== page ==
Tonkawa Indian chief
Born: late 1700s
Also called Ha-shu-ka-na (“Can't Kill Him”), Chief Plácido was the son of a Tonkawa warrior and a captive Comanche woman. In 1819 he joined James Long's expedition in Texas, riding against the Spanish and taking many of their horses and scalps. In 1823 he became chief of the Tonkawas after the death of Carita, another Tonkawa leader.
In 1824 the Tonkawas entered into a treaty with Stephen F. Austin and helped his men (the forerunners of the Texas Rangers) defend the Texas frontier against hostile Comanches. After the Rangers were formally established in Nov. 1835, Chief Plácido enlisted as a scout and served with them during the Texas Revolution (1835–1836) and the Republic of Texas (1836–1845).
In Aug. 1840 Chief Plácido and 13 other Tonkawa scouts joined with the Texas Rangers and a hastily organized militia to track down a large Comanche war party that had attacked white settlements in the Guadalupe Valley in southeast Texas, killing the inhabitants and plundering their dwellings. The Texans and their Tonkawa allies overtook the Comanches at Plum Creek, near present-day Lockhart, Tex., and utterly defeated them.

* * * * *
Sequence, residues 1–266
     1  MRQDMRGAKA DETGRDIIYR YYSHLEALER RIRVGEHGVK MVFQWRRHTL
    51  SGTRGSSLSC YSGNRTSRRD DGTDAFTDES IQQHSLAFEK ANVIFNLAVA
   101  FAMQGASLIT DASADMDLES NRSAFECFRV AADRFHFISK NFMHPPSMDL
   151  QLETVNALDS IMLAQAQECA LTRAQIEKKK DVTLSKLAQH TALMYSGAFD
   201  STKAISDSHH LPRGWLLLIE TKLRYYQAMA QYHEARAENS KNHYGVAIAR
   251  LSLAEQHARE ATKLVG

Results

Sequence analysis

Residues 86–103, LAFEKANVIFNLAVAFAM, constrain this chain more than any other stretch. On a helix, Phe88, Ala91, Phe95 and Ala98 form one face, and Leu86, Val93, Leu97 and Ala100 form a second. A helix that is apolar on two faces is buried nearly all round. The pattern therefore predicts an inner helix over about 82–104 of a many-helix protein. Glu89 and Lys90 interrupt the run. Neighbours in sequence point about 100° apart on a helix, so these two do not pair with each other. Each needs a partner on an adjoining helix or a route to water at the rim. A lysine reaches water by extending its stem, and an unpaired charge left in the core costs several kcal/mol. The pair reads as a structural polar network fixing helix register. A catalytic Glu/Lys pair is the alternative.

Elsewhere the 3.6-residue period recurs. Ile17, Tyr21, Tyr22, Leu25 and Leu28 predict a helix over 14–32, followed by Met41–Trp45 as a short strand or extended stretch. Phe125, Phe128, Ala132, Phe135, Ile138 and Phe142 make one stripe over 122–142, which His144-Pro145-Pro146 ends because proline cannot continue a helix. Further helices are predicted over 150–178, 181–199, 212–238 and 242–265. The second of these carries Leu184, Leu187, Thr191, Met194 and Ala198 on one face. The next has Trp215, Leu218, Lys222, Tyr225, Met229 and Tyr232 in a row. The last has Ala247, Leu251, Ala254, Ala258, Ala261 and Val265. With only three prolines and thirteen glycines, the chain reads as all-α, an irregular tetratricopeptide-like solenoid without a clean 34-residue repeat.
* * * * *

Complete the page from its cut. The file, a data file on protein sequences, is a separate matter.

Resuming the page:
After Texas became a state in Dec. 1845, the Tonkawa came into conflict with the white settlers who moved into the area in increasing numbers. In 1854 the Tonkawas moved to a reservation on the Brazos River, and Chief Plácido continued to scout for the Texas Rangers and the U.S. Army. In 1859, against his protests, Chief Plácido and his people were moved to a reservation near Fort Cobb in Indian Territory (now in Caddo County in southern Oklahoma).
On Oct. 24, 1862, a number of other tribes living in the area, including the Comanches, Kiowas, Shawnees, and Kickapoos, banded together and attacked the Tonkawas, possibly in retaliation for the Tonkawas' earlier alliance with the Texans. Nearly half of the 300 Tonkawas living on the reservation were killed, including Chief Plácido.Died: 1862